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Saint Mark's Basilica, Venice

Saint Mark's Basilica, Venice, begun 1063 and Anastasis (The Harrowing of Hell) mosaic, c. 1180-1200, Middle Byzantine. Speakers: Dr. Beth Harris and Dr. Steven Zucker. Created by Steven Zucker and Beth Harris.

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Video transcript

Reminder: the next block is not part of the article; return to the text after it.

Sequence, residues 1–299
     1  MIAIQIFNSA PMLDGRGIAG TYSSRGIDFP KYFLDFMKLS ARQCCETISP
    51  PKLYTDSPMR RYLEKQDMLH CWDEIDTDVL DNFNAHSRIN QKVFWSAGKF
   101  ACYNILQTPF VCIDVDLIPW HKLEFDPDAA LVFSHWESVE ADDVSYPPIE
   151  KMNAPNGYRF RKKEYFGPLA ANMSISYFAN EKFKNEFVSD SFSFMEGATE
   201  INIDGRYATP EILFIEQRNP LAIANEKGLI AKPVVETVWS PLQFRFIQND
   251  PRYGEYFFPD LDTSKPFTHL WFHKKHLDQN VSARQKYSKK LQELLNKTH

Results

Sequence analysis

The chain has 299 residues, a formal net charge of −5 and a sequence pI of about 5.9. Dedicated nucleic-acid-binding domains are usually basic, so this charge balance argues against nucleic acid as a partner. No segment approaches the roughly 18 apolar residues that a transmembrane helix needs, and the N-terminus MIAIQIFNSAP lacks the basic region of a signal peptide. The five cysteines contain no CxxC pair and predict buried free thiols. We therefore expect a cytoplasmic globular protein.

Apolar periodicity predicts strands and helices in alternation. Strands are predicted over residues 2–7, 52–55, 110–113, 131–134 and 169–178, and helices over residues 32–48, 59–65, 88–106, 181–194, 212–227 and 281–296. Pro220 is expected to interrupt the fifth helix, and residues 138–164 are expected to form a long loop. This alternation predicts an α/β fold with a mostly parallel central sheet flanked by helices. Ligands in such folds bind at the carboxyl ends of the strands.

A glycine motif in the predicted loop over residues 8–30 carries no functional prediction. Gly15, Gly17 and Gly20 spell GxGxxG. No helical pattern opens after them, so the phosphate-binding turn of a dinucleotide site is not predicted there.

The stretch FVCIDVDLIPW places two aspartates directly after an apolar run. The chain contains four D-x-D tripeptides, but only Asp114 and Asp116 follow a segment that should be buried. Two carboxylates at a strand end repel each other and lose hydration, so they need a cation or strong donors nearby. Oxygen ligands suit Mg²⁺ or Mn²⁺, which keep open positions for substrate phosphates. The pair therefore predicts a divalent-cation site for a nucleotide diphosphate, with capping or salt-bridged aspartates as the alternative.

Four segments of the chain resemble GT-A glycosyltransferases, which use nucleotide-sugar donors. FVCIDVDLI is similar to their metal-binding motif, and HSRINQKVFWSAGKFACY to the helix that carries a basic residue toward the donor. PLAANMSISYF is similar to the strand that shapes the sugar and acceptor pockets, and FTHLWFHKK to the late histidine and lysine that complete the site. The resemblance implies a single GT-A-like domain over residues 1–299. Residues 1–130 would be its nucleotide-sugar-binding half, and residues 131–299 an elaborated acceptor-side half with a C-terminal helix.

(Cheerful Piano Music) Male Voiceover: We're in the basilica of Saint Mark in Venice, and it's called Saint Mark because it holds the body, the relic, of Saint Mark. Female voiceover: A couple of Venetian Merchants stole the body of Saint Mark from Alexandria in 829, and when his body was brought back, this was obviously an incredibly important relic. and the construction on the church began soon after that. Male voiceover: Now think about this. Saint Mark was one of the evangelists, one of the authors of the New Testament. It doesn't get more important than this, and the idea of bringing his body back from Alexandria was especially important because Egypt was then controlled not by the Byzantine Empire, that is, not by the Christian world, but it was in Islamic hands. Female voiceover: There is even a legend that Saint Mark had a vision that his final resting place should be in Venice. Male voiceover: Of course, these are the kinds of legends that grow up to justify these sorts of historical events. Female voiceover: That's how it seems to us, certainly in the 21st century. The church is Byzantine in style, in every way we think about Byzantine architecture. Male voiceover: And the church that we're in currently was begun in 1063. It replaced two earlier and smaller shrines This does refer to the Byzantine in very direct ways. The Venetians wanted their art, their architecture, to recall not only the Byzantine, the eastern traditions, but specifically the traditions of Constantinople. and so this church was based on The Church of the Holy Apostles, in Constantinople, a church that no longer exists. Female voiceover: And like The Church of the Holy Apostles, Saint Mark's is essentially a Greek cross, a cross with equal arms with domes over each arm, and another dome over the crossing. Male voiceover: And those domes recall a very direct link to the kind of architecture we find in Constantinople, that is a dome that has windows at it's base. A kind of necklace of light that makes the dome seem to levitate upward, and not to be supported. Female voiceover: That's the idea of the whole interior, the sense of being in a golden jewel box, the walls are covered with golden mosaics, so you have this sense of what you know to be solid wall dissolving into glittering light. Male voiceover: 40,000 square feet of the surface of this church is covered with mosaic. Female voiceover: The mosaics date from different time periods. But let's take a look at an early mosaic of a subject called The Harrowing of Hell, also known as The Anastasis. This is Christ, who has gone into Hell. He's battered down the doors, he's going in to save virtuous souls who are there because the lived before the possibility of salvation, that is, before his sacrifice on the cross. Male voiceover: In this case, you actually see Christ grabbing the wrist of Adam, Eve is just behind him. He's going to save Adam and Eve from Limbo, that is, from not being able to enter Heaven. Female voiceover: And you'll notice he's grabbing Adam not by the hand, but by the wrist. This idea that human beings can't save themselves, but needed Christ's sacrifice, they need Christ. Male voiceover: It's not a partnerhship, in other words. It is Christ leading them out. And behind them, perhaps other worthy souls. Perhaps Old Testament prophets. But I think my favorite part is what Christ is standing on. Female voiceover: Well, he's standing on Satan, whose hands are bound in chains and who's represented in a much darker color. Male voiceover: and around him is the debris of Christ's entrance into Hell. You can see the chains strewn about, you can see keys, you can see the doors of Hell that Christ had knocked down and now forms a cross. Female voiceover: And all of this, of course, in this typical Byzantine style, with a gold background, with forms of drapery created by lines that are more stylized than the way drapery falls on a human body. Male voiceover: Well, look at Christ for a moment. If you follow his right arm, the arm that holds Adam's wrist, look just over the elbow, and you see a bit of drapery that is just flying up, and it not only seems to have a life of its own, it also seems to suggest that christ has just arrived. Look at the length of those bodies, Look at their attenuation, This is not the proportion of ancient Greece, this is not the renaissance. This is that moment in the mid Byzantine style where we see that symbolic representation of the human form, not a precise rendering that is based on observation-- Female voiceover: Or look at Adam kneeling with his right knee coming to a point and then his left calf (Male laughs) and foot extending out behind him. This is not naturalism, this is the symbolic Byzantine language that we know so well. (Cheerful piano music)